Re: Which Spam Block List to use for a network?
On Wed, Jun 23, 2004 at 10:26:49AM +0200, Adrian 'Dagurashibanipal' von Bidder wrote:
> On Wednesday 23 June 2004 09.51, Blu wrote:
> > I run a number of public service servers and in the past, from the
> > perspective of an user of a server which blocks mail from mine, the
> > mails were being blackholed at my host. They never got an answer or
> > even a bounce.
> Huh? Either your servers are/were severely misconfigured, or you don't
> mean the same thing as I when you talk about blocking.
> block == reject with 5xx error code in the SMTP transaction. Or possibly
> block at firewall level.
Yes, rejection with 5xx error, we are talking the same.
> So it's the task of the upstream mailserver to generate a bounce (and
> since the upstream mailserver in most cases belongs to the
> administrative domain where the mail originally comes from, there's
> fair chance that the bounce actually gets to the sender of the mail.)
> How did your users not receive a bounce?
First, I live in a place where ISP mail servers are not trustable, so I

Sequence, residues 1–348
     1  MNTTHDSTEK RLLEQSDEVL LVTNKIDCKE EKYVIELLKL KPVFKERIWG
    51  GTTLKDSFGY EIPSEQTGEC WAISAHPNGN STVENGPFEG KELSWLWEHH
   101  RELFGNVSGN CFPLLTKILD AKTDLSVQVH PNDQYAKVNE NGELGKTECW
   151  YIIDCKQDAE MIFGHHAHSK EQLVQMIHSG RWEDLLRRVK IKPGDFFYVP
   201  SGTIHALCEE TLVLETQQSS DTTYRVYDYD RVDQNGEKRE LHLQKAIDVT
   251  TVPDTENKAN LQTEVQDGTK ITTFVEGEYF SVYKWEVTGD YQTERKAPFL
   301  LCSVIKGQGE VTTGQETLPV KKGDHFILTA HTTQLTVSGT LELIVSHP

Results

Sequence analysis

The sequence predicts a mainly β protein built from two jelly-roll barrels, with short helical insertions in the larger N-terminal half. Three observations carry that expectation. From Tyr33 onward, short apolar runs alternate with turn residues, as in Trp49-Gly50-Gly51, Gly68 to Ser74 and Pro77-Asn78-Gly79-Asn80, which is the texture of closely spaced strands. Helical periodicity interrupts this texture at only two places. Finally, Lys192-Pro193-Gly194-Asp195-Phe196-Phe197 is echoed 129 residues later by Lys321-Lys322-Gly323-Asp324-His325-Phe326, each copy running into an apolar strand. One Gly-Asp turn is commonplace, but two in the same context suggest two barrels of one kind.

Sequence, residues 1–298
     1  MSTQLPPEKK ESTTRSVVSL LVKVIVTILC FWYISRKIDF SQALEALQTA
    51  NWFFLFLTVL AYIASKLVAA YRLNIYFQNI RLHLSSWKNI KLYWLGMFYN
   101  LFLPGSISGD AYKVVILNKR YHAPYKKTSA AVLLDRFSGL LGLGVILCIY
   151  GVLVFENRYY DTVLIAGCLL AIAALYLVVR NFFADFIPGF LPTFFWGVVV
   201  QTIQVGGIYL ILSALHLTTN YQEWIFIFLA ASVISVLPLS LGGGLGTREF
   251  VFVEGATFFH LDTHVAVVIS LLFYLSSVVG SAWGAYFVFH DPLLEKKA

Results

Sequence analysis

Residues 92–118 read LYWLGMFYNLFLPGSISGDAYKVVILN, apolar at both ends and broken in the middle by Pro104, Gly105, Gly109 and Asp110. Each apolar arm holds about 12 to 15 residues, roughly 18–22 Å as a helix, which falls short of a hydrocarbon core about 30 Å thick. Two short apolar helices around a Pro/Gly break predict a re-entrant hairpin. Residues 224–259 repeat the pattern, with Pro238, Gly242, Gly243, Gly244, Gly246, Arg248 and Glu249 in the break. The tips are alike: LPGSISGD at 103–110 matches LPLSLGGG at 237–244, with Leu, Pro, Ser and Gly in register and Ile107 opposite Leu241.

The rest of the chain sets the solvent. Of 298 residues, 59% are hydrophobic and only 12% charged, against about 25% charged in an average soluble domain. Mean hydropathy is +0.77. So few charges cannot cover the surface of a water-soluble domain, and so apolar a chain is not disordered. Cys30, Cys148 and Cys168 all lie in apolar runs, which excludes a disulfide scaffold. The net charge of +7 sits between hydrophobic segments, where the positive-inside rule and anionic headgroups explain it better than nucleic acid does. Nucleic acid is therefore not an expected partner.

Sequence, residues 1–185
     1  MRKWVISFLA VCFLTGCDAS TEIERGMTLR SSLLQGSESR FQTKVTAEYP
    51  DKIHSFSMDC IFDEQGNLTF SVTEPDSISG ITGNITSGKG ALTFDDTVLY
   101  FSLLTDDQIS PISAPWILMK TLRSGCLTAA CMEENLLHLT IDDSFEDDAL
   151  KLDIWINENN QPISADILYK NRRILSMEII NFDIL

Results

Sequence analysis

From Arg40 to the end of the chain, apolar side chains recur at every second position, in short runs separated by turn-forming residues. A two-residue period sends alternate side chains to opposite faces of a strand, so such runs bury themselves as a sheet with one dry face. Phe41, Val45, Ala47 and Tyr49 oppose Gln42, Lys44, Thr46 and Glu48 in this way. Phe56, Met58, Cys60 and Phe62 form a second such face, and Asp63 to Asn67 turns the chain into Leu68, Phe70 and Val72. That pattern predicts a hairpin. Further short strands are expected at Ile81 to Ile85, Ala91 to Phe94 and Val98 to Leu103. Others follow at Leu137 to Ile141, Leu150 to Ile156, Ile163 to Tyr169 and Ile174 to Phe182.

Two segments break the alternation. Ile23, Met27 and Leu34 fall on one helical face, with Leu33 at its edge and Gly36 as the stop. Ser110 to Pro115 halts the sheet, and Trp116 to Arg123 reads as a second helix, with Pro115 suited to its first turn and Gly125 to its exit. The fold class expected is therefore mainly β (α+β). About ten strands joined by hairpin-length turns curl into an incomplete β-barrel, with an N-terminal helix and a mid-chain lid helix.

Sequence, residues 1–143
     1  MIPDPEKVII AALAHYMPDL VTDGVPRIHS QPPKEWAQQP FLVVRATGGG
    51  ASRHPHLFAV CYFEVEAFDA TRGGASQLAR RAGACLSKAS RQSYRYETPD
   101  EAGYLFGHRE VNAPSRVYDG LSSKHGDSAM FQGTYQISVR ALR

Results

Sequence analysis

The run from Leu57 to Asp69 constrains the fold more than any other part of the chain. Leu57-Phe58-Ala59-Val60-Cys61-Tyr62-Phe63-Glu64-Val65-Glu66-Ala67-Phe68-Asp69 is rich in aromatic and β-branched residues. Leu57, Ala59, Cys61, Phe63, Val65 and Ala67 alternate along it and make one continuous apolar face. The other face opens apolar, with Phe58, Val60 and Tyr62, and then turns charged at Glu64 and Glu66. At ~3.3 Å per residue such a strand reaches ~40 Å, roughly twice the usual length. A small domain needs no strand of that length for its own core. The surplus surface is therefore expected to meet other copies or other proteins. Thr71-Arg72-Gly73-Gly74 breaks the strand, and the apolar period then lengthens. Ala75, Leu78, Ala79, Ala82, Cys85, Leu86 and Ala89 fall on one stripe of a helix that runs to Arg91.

generaly maintain my own MX servers.
Until not so long ago, my MXs were accepting mail from hosts which were
themselves blocking mail from them. The result were that my
servers received mail normaly, but then they found that they cannot
answer. From the perspective of the remote user sending mail to my
server, the message simply disappeared because my users or even myself
had no means to inform the remote user of the fate of the message, at
least by email. Having mail driven automatic services, my mailbox was
full of complains and questions about the service being down, questions
which I cannot even answer because the MXs of those users didn't like
At present, rejecting those mails with an axplicative 5xx message, those
users at least (if they are able to read a bounce), know that it is not
my problem, it is theirs.